Compared to other website pages, the landing page focuses on selling something rather than sharing info and ideas.
As a UX designer, you can play a large role in creating a successful landing page. You have to design a page that converts as many users as possible, which means that your usability and interaction design skills are super important.
Landing page structure
Using an easy-to-understand structure is key to designing a landing page that converts visitors into users. Good landing page structures tell a story. Here's an overview of that structure and an explanation for each step of your landing page.
First, empathize with the visitors' problem.
Mention the solution that you have by focusing on what's to gain.
Share social proof to build trust.
Convert more users by answering frequently asked questions.
The first thing you have to do on your landing page is show that you empathize with your visitors. It's the hook that keeps visitors on the page.
For example, if you offer a service that helps people log in quicker, you can mention how long login times are such a waste of time.
You can do all of this by creating a hero section. It's a best practice to start your landing page with a hero section. This hero section contains the main (H1) header, an optional subtitle, a visual, and a call-to-action.
Empathizing with the visitor is only the beginning. The next step is to present your solution. Again, let's look at the same example we mentioned previously.
You've just empathized with the user and mentioned something about wasting time logging in. That sounds relatable, but how are you going to solve that problem?
Mention features and unique selling points, but make sure you focus on the user's gains. They generally don't care about server performance or how you built something. Instead, users care about the time saved and easy-to-use solutions.
If people have worked with your solution before, this is the time to mention it. It is called social proof. Here's a list of examples.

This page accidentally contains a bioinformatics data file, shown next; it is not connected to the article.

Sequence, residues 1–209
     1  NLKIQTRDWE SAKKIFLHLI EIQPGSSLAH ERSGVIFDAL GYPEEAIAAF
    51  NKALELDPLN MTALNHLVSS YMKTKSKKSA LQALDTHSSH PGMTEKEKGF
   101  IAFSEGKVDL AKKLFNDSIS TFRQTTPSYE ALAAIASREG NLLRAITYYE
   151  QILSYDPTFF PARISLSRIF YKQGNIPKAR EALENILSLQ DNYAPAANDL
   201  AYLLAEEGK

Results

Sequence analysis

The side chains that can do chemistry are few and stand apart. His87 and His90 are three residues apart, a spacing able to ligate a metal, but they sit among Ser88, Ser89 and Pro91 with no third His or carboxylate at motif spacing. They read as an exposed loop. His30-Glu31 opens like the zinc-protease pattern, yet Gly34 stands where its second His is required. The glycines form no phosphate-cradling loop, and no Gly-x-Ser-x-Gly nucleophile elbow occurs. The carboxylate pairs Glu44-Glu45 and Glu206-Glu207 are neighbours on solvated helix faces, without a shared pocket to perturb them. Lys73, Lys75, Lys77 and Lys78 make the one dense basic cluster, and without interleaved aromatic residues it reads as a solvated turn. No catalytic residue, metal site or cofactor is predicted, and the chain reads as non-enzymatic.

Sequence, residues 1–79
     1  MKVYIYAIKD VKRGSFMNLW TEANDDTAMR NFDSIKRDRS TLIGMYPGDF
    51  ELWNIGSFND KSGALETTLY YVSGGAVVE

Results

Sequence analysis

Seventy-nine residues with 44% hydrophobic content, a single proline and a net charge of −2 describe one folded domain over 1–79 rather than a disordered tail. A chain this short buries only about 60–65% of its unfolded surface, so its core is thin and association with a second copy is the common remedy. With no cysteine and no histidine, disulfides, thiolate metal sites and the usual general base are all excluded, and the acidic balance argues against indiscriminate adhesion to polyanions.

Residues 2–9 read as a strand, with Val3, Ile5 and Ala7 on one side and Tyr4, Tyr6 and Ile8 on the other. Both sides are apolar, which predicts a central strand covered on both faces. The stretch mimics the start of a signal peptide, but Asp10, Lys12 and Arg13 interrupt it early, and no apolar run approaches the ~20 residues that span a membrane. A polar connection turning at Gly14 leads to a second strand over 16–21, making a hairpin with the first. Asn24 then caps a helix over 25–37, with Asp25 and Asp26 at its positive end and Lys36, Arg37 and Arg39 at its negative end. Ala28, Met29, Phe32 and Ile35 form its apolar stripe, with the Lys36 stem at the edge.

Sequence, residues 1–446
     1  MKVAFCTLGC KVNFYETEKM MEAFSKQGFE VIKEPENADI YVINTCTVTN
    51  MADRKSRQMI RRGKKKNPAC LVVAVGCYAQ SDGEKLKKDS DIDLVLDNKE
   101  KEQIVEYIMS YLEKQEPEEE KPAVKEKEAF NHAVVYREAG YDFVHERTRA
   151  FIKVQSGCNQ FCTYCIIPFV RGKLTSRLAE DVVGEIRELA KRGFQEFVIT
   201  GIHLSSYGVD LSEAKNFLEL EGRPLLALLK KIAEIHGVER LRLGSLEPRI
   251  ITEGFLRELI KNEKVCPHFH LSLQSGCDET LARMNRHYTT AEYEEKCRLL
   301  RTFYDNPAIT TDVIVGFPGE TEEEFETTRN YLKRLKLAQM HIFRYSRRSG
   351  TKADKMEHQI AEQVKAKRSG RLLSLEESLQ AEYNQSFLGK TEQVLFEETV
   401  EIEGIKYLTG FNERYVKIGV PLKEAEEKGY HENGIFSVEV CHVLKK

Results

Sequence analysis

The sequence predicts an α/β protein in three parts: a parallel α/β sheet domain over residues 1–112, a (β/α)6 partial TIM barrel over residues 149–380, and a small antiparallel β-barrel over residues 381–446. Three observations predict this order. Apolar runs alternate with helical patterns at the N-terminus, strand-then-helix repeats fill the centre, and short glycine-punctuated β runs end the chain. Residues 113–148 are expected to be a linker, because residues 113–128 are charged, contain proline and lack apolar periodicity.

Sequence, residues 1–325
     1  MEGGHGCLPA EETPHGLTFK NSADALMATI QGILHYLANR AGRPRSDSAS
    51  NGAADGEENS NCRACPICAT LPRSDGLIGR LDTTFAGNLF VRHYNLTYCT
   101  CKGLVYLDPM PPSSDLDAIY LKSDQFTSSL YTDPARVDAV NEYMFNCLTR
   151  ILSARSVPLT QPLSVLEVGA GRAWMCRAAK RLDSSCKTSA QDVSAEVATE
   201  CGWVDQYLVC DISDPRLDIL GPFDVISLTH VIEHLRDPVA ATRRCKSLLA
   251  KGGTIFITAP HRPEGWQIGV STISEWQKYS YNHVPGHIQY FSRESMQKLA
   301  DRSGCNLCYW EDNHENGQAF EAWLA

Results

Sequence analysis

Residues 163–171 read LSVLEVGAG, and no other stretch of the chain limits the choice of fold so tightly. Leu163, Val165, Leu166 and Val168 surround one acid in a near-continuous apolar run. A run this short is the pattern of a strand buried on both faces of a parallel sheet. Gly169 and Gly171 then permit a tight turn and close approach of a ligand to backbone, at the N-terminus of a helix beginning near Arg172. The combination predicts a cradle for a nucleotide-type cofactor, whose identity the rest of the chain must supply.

Average review ratings
Media articles and press releases
Social proof builds trust and is a big factor in keeping users engaged and ready to try your product.
Once your users scroll to this part of your landing page, you've answered many questions already. Your visitors are engaged and ready to convert into users. However, you might still have some open ends to tie up.
Doing so can help turn more visitors into paying customers. Add a FAQ to your landing page. These frequently asked questions could involve scope or return policies, for example.
Frequently asked questions
Speaking of frequently asked questions… We have a few for the landing page, of course. Let's look at them below.
Do I need a website when I have a landing page?
You don't need a full website when you already have a landing page. Only the landing page is more than enough for a lot of businesses.
All you need for a landing page is a domain, hosting, and that one landing page design.
However, that doesn't mean you shouldn't add more pages and build a full website. Some testimonials, contact and about pages, a blog, and several other pages can all help build your brand.
What is de difference between a website and a landing page?
Most websites have more than one page, while a landing page is only one page. In most cases, it is part of a bigger website. That landing page is a part of the website but rarely the full website.
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